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Breakthrough – Orama Research Grants

Breakthrough exists to create a life free from mental illness. It will be the biggest health challenge in our lifetime. Despite best efforts, we’re not winning the battle against mental health issues and more needs to be done. This is why we are the only dedicated mental health research foundation in the country.

Research is the only way to find the causes and the triggers of mental illness and to help us recognise the early warning signs, guide the development of new technology and to make sure that mental health treatment is based on the best scientific evidence.

Breakthrough undertook an analysis with EY Australia that identified our four key areas of research, based on where its needed most, as well as capacity building on our strengths here in South Australia. These priority areas are depression, indigenous mental health, eating disorders and youth mental health.

By focusing on these areas, and through your generous donations, we have been able to fund the first round of seeds grants with with eight new projects announced as part of our partnership with the Orama Institute and Flinders University.

Breakthrough is also partnering with the University of Adelaide and the University of South Australia and we will be announcing a new range of grants in the new year.

 

1. Empowering parents to intervene early when their child has anorexia nervosa.

The primary aim of this pilot study is to examine the feasibility and acceptability of an online Family
Based Therapy (FBT) for families on the waitlist to receive FBT for their child with anorexia nervosa.

 

2. Improving delivery of an evidence‐based therapy for post-traumatic stress disorder (PTSD): A combined analysis of clinical effectiveness and associated economic benefits.

The project will test an enhanced method of training clinicians in a psychological therapy for treating
posttraumatic stress disorder. The findings will lead to improved understanding of critical economic and social issues and has significant implications for health services and policy makers.

 

3. Understanding and improving the mental health and wellbeing of doctors and medical students during the COVID-19 pandemic.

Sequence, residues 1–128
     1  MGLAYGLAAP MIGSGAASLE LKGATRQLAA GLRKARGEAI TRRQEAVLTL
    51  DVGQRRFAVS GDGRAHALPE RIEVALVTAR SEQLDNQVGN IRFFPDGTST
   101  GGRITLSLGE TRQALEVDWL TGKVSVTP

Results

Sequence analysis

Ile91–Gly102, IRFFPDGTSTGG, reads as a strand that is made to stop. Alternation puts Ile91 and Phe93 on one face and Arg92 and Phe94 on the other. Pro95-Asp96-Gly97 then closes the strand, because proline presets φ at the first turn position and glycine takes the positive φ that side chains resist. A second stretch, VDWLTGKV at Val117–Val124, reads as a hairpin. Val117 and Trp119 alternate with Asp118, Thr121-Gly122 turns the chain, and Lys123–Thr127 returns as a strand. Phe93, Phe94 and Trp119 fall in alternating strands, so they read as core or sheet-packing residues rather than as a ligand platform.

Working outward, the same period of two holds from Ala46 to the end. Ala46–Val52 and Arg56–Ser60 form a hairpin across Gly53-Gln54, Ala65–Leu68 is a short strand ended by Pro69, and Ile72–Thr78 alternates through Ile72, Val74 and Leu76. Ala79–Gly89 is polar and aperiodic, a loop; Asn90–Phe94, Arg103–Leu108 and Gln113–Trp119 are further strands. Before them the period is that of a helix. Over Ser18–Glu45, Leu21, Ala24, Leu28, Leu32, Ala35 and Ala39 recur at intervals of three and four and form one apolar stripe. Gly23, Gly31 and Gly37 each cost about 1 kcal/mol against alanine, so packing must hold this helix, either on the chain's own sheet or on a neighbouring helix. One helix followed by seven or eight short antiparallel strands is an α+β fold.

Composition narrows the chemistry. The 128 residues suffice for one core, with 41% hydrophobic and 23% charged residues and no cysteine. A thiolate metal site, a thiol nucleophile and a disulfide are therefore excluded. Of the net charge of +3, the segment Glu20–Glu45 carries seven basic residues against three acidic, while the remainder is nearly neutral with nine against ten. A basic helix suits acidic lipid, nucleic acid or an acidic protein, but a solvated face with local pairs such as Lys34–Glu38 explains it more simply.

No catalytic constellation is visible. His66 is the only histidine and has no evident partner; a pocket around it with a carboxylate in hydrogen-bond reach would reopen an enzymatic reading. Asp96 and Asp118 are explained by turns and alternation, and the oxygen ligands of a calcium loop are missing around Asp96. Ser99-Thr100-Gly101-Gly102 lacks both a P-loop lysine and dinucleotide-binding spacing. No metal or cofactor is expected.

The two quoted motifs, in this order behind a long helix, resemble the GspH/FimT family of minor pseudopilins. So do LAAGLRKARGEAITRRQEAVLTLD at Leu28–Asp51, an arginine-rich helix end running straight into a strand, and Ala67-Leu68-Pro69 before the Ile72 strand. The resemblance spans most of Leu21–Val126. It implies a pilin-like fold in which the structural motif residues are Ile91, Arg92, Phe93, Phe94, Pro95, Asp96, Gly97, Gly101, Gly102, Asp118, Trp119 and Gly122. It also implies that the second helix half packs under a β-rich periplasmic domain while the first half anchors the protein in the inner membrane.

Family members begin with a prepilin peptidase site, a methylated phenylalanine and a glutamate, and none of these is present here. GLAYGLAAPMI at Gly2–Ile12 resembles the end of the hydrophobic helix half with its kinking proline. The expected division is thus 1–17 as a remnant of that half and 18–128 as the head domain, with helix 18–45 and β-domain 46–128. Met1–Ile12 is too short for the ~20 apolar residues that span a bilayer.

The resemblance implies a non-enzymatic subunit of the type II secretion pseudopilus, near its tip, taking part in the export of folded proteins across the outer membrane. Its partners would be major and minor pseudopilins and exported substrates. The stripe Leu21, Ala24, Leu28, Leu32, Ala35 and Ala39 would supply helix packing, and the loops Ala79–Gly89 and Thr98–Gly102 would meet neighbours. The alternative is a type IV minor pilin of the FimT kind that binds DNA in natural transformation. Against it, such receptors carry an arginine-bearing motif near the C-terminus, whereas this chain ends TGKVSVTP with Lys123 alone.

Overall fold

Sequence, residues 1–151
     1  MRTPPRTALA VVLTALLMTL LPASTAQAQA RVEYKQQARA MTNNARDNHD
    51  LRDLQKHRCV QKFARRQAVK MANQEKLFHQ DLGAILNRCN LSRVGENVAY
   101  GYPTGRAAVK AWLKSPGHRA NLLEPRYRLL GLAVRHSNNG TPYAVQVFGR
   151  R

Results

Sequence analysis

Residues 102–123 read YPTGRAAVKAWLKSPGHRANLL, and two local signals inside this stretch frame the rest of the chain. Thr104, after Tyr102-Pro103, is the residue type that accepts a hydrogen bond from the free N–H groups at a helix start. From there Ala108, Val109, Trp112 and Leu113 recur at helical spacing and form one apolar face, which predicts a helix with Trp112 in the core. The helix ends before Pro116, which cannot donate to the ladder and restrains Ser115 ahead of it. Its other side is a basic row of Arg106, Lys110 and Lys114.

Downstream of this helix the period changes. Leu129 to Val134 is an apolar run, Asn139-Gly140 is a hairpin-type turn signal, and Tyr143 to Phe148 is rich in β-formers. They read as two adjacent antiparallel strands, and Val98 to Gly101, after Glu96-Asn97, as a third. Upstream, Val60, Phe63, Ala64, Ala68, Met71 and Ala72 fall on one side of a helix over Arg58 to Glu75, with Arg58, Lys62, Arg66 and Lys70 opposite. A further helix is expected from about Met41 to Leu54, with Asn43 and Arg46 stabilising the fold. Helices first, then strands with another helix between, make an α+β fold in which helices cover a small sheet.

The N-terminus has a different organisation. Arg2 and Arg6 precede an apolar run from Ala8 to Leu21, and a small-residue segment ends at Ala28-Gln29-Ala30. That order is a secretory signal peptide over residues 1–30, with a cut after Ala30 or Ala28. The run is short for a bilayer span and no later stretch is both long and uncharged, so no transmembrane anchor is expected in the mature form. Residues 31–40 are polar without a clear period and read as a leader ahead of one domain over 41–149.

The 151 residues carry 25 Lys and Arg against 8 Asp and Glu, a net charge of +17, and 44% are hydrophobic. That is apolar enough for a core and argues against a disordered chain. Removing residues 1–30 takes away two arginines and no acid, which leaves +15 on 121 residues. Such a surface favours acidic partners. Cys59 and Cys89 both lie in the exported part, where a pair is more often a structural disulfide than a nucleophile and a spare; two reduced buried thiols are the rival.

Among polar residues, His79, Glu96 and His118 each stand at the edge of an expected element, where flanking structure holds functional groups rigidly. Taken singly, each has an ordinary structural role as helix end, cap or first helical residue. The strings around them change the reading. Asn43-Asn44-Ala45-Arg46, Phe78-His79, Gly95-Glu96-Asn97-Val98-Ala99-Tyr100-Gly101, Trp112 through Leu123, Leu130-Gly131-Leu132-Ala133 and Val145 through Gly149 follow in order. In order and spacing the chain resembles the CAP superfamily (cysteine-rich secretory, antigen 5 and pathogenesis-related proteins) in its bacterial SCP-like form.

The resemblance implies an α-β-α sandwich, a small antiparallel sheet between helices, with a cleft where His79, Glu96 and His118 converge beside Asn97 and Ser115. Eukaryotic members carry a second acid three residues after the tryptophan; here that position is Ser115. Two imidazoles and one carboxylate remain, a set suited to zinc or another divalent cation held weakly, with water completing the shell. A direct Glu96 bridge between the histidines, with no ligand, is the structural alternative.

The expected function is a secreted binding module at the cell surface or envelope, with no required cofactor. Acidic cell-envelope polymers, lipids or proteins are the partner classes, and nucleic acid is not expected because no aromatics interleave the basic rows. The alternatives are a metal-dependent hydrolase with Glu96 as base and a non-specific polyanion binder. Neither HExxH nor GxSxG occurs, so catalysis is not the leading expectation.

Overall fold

The project aims to investigate doctors’ and medical students’ mental health and wellbeing during
COVID-19, as well as their attitudes, intentions and actual help-seeking behaviour for mental health
problems.

 

4. “It takes a village to raise a child”: Developing mental health fitness in contemporary youth through community sport using a whole club – village – approach.

Mental health among contemporary youth is critical. The role of sport can be pivotal in the
development of youth mental health fitness. This research will investigate the role of the whole club in promoting mental fitness to its youth participants.

 

5. The Wisdom Club: Ageing Well Through Intergenerational Connections.

Meaningful connections, purposeful activity, and generativity are central to the mental health and
wellbeing of older adults and can be supported through volunteer activities with an intergenerational focus.

 

6. Removal of Aboriginal Infants in a Hospital Setting: Examining Practices.

This research aims to examine the decision-making processes and the role of the hospital social worker and other staff in the removal of Aboriginal infants 2018-2020 at Women’s and Children’s Health Network.

 

7. Understanding the mental health consequences of hazardous digital technology use in the context of the COVID-19 pandemic.

This project aims to understand the mental health consequences of young people’s hazardous digital technology use in the context of COVID-19-related lifestyle changes.

 

8. The co-design of practical wellbeing measures for the Aboriginal healthcare workforce.

The healthcare workforce is at a particularly higher risk of developing work-related psychological stresses. While tools and programs to address workplace stresses exist, they are largely focused on non-Indigenous populations, with no consideration for Aboriginal culture.

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